If we're only working on a single event that occurred when you were an adult, then it could be quite short, possibly between 1 and 3 months. Childhood trauma research recommends 15 to 30 months, but I have had clients who were satisfied with what they achieved sooner, sometimes much sooner. But this in no way means that treatment and recovery are not possible. Long-term therapy is highly effective in the right setting with a productive therapeutic alliance between client and doctor.
And that relationship can absolutely develop with time, care and trust. Complex trauma is a clinical formulation and the term used by the National Child Traumatic Stress Network and all competent and knowledgeable therapists and researchers. C-PTSD is most commonly seen in people who experienced trauma early in life and is especially complex when someone was injured by a caregiver or is still in contact with the abuser. Complex PTSD (C-PTSD) is a response to prolonged and repeated trauma that lasts for months or years.
Complex PTSD treatment centers offer immersive opportunities for therapy and positive life skills in a welcoming and safe environment. They are similar, but complex trauma (C-PTSD) results from repeated, chronic and prolonged exposure to trauma, usually starting in childhood. The best treatment route for complex PTSD encompasses the whole person and their entire life, past, present and future. Once the different parts have been identified, the therapist can help the person determine the main underlying threatening patterns that reside in their psyche.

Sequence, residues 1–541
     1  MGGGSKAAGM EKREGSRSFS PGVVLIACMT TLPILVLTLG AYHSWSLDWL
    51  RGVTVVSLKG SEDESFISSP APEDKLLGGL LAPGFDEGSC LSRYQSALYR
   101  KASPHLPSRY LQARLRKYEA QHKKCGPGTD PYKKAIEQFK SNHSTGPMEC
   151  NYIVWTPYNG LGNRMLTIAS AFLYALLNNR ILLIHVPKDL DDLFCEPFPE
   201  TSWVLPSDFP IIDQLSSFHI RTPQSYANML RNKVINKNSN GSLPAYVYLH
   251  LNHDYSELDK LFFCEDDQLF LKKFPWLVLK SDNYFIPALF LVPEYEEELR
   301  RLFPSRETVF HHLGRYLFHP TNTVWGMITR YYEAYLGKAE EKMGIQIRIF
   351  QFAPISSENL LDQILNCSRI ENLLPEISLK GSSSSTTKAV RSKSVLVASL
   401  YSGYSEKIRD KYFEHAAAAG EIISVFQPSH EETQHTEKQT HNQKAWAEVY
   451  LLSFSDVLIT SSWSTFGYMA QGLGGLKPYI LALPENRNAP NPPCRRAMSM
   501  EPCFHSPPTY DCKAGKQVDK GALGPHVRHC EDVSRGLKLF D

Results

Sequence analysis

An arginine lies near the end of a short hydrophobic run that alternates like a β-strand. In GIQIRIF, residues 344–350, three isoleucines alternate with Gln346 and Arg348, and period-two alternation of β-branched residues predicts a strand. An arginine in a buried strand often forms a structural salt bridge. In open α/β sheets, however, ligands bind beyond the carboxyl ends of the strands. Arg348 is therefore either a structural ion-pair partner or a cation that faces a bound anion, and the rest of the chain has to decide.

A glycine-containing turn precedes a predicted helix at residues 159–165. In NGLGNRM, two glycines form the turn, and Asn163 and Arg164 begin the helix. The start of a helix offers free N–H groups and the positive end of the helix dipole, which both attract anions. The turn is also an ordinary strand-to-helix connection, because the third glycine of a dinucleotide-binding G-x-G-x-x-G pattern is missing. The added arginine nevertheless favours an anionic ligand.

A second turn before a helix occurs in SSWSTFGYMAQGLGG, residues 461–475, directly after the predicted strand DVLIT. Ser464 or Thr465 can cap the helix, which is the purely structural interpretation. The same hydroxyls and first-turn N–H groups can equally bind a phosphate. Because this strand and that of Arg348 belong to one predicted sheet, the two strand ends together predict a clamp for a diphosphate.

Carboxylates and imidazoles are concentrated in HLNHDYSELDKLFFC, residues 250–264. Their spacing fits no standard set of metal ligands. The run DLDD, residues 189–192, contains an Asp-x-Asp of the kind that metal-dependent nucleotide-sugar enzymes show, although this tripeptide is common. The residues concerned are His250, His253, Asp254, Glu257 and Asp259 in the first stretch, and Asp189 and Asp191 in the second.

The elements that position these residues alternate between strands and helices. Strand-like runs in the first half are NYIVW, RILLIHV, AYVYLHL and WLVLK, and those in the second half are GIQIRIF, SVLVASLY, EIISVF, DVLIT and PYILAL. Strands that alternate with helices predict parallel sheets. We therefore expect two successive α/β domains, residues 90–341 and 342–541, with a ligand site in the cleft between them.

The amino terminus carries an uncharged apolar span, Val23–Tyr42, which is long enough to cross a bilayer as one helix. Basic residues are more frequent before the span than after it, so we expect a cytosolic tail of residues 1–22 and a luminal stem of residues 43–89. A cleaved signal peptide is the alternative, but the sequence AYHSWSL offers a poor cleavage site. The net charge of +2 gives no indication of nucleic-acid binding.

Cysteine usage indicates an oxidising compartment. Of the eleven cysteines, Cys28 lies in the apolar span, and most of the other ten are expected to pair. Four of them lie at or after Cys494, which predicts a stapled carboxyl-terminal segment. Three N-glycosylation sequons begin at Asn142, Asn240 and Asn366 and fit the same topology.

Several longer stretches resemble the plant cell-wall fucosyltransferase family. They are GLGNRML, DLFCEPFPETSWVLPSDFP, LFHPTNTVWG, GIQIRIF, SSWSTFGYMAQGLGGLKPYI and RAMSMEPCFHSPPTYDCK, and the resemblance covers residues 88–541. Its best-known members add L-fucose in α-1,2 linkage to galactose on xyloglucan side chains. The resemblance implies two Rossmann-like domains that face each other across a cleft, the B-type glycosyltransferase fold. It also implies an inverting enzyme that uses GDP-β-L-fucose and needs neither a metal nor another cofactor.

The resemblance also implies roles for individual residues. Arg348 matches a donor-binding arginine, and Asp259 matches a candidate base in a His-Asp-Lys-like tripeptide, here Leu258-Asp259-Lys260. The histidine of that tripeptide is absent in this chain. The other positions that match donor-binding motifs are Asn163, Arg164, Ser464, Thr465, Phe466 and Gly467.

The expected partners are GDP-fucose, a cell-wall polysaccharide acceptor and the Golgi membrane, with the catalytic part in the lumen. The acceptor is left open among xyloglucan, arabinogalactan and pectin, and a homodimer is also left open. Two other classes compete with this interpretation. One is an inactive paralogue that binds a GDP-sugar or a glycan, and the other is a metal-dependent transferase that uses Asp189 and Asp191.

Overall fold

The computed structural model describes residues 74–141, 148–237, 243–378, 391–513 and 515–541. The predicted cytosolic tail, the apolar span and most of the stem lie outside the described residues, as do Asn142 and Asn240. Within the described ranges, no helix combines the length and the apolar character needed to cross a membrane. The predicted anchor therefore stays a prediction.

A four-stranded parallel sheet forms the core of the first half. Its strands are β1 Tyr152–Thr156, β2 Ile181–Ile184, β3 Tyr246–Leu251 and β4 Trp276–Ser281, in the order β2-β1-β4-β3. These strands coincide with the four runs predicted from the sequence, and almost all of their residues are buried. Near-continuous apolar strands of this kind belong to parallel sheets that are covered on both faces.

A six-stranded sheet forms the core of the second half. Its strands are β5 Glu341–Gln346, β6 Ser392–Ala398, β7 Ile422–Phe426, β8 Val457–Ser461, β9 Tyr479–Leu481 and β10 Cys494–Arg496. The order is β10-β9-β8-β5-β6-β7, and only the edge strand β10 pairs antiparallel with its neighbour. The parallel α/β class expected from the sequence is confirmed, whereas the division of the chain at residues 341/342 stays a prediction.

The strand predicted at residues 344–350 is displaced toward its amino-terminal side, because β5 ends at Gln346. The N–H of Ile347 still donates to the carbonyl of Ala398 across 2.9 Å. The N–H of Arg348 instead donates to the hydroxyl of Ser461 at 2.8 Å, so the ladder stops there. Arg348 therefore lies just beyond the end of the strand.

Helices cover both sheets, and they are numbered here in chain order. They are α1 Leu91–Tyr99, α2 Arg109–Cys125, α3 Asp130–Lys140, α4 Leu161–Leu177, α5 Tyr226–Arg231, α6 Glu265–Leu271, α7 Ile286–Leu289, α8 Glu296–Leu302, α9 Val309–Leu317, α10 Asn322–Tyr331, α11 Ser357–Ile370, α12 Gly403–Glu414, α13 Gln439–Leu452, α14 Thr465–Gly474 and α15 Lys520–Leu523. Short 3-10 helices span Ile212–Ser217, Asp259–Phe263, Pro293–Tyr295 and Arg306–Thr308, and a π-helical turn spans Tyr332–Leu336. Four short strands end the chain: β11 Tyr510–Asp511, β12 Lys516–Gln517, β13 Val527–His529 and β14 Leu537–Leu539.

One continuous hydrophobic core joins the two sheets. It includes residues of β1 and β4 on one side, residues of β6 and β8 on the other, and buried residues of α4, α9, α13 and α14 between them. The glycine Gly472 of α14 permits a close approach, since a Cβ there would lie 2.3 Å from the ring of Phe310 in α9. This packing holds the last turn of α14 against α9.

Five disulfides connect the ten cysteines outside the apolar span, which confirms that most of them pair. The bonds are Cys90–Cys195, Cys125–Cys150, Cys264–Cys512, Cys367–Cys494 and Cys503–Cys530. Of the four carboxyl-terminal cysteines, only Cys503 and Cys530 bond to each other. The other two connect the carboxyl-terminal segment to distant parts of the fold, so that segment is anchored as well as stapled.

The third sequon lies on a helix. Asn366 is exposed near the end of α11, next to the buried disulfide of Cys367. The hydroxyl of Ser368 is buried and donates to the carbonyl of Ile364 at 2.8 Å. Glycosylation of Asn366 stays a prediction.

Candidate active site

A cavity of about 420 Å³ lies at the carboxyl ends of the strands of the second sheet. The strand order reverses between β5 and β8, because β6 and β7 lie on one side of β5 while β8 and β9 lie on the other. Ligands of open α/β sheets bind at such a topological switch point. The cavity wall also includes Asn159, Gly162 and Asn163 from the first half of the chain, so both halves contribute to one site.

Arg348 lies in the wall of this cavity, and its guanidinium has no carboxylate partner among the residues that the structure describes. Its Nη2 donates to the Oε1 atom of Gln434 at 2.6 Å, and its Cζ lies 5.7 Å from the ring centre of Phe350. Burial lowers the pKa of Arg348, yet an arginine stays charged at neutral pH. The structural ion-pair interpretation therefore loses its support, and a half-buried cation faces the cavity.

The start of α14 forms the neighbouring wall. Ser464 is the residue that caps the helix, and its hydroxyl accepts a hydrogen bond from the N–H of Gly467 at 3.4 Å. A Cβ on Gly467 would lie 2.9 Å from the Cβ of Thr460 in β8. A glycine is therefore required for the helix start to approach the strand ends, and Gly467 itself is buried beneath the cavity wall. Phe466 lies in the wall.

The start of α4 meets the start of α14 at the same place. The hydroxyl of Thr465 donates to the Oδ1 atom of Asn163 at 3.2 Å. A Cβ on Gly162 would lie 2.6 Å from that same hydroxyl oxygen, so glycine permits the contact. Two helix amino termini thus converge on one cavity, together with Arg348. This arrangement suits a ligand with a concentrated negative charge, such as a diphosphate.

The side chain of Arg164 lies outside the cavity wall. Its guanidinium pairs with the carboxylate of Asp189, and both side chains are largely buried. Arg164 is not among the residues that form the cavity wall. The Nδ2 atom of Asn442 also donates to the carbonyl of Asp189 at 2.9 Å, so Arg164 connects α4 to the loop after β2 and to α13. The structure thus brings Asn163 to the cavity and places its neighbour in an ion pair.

If you have complex post-traumatic stress disorder, you may be offered therapies to treat PTSD, such as trauma-focused cognitive behavioral therapy (CBT) or eye movement desensitization and reprocessing (EMDR). However, while each person's fight against post-traumatic stress disorder or complex PTSD is unique, recovery is possible for each and every person. Complex PTSD, also known as C-PTSD, can result from chronic trauma that usually occurs during childhood and adolescence. If the illness is serious and prolonged and requires frequent and painful medical interventions at an early age, then yes, that can cause complex trauma, since the child may experience that the parent repeatedly takes him to those procedures because he is considered “abusive”.
Challenging underlying maladaptive beliefs helps a person who experienced complex trauma begin to assess the harm caused during their childhood. A good therapist can help a person suffering from complex trauma identify their schemas, modes, triggers and people, and can help the person learn to integrate these parts into a cohesive whole. Assuming that you are receiving evidence-based and empirically validated treatment for complex trauma, such as dyadic developmental psychotherapy, you can expect symptoms to begin to improve in about ninety days. One of the most useful first steps in treating complex trauma is to identify the various modes within a person's psyche.
In general, traumatic disorders can be difficult to treat because a person must work with a therapist to discover the sources of trauma and their ability to trust those vulnerabilities and address them is severely compromised.